GDP, gross domestic product, is the most powerful number in the contemporary world. In a single figure, it tells us whether a nation is doing well or badly. At least that’s how the economic orthodoxy goes and how the media and politicians present it. In reality, if the GDP is the king of statistics, it is an emperor without clothes. And for a long time a growing number of people have been pointing, indeed yelling, this out.
Gross Domestic Problem: the politics behind the world’s most powerful number provides a strong boost to dethroning the naked emperor. Lorenzo Fioramonti’s most original contribution is perhaps his reconstruction of the story of the invention of this ‘magic’ number and of its installation at the top of the political agenda. This took place in the years between the great depression and the second world war. The book guides us through the history of the criticism of this conceptual and statistical artefact – criticism that began with the very person who invented it, Simon Kuznets.
The case that has piled up against GDP is overwhelming. It fails as an accurate gauge of economic performance, even on the basis of its purely monetary definition of production and wealth. And it is even more flawed in its ability to measure the quality of people’s lives (or happiness, as suggested in Bhutan) and processes of planet depletion. As Bobby Kennedy stated in a memorable speech a few weeks before being assassinated, it measures everything except for everything that makes life worth living.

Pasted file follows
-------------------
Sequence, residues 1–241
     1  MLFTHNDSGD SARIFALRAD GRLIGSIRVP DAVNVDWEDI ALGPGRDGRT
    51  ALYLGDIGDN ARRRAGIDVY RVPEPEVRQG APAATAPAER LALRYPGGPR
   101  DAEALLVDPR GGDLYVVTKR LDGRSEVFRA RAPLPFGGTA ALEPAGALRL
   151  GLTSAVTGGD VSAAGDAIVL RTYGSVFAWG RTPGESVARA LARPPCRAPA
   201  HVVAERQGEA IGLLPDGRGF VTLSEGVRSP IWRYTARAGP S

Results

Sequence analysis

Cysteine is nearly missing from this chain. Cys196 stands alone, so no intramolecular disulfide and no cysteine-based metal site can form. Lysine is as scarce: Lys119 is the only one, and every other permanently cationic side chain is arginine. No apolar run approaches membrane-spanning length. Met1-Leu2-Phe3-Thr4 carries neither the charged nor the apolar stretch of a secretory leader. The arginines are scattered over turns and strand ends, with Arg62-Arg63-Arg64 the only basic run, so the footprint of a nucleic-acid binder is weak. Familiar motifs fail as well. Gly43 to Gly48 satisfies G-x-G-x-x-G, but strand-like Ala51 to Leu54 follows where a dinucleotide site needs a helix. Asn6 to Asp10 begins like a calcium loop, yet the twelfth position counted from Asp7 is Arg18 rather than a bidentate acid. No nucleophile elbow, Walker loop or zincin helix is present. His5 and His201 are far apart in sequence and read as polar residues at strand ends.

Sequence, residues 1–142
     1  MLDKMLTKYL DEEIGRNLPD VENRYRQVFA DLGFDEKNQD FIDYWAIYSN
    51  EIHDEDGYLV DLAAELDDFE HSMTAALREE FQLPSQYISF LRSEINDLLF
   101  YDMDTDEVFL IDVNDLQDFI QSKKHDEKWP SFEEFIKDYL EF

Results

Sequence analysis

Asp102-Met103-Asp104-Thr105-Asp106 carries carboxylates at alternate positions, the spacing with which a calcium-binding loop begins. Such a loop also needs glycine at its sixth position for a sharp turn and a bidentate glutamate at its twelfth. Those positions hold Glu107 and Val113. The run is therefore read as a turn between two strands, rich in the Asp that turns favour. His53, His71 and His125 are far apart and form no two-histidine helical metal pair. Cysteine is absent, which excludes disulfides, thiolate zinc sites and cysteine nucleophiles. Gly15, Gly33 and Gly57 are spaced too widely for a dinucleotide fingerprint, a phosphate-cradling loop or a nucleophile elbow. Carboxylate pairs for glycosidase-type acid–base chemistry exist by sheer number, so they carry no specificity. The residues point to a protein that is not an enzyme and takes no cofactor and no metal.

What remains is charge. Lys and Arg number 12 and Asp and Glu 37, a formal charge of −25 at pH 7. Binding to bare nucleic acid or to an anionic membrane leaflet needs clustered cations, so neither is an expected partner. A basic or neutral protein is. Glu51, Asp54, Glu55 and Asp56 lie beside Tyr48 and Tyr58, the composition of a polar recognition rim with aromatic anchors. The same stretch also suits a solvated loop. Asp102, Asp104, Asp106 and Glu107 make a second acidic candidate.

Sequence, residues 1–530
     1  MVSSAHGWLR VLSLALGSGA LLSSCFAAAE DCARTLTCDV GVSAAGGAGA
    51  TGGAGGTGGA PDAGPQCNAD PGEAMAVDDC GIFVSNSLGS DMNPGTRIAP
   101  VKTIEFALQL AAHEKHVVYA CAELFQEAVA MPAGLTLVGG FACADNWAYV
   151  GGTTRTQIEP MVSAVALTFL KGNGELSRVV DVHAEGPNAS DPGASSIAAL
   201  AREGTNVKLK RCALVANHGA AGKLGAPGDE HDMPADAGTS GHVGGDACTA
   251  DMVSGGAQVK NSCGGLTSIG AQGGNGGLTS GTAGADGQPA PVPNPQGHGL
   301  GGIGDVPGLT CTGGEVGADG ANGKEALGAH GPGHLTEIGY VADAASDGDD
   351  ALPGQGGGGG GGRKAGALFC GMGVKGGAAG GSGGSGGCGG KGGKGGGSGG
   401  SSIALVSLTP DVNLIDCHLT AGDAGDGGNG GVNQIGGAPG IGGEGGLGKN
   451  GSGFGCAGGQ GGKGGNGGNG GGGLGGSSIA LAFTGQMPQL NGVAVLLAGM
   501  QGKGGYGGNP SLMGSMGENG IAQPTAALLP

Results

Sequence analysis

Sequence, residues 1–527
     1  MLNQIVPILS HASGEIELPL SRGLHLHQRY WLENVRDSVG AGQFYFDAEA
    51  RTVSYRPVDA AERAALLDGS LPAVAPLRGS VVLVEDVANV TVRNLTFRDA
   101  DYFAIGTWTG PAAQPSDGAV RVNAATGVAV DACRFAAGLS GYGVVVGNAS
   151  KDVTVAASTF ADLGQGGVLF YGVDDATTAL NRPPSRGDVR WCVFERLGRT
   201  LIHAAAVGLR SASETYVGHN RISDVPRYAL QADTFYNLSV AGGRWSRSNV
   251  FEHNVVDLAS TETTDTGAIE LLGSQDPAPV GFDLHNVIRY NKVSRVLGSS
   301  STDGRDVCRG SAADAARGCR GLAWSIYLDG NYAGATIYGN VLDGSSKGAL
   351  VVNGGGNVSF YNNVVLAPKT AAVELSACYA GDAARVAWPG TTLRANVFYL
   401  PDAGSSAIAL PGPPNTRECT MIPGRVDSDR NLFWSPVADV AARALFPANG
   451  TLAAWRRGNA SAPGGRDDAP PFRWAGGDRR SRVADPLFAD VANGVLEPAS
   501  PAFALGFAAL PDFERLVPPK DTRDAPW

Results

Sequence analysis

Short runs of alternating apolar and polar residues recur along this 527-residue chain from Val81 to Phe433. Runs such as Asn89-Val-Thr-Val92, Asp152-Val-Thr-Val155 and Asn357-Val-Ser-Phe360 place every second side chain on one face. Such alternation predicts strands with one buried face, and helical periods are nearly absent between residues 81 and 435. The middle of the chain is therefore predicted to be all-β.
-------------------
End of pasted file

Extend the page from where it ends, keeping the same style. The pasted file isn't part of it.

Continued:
Recently, especially after the financial crisis, criticism of GDP has influenced the thinking of western leaders. Institutions – not just the UN but the OECD and western governments – have developed agendas of reforming and going beyond GDP.
What’s behind this? Are we really at a turning point? Isn’t there the danger that these strategies for revising GDP in fact lead to further colonisation of worlds not yet incorporated into the market? These are some of the questions Fioramonti tries to answer.
The new faces of the unions ● How Bolsonaro rose to power in Brazil ● Tribune and the Tribune group ● DIY cinema ● Peterloo and Sorry to Bother You reviews ● and much more
And you choose how much to pay for your subscription...
Witches, Witch-Hunting and Women by Silvia Federici, reviewed by Jessica White
American Jewish cartoonist Eli Valley’s comic commentary on America, the US Jewish diaspora and Israel is nothing if not near the knuckle, Richard Kuper writes
Samir Dathi reviews No Is Not Enough: Defeating the New Shock Politics, by Naomi Klein
Radhika Desai says Capital by Karl Marx is still an essential read on the 150th anniversary of its publication
A Death Retold in Truth and Rumour: Kenya, Britain and the Julie Ward Murder, by Grace A Musila, reviewed by Allen Oarbrook
Vicky Crowcroft reviews Ebola: How a People’s Science Helped End an Epidemic, by Paul Richards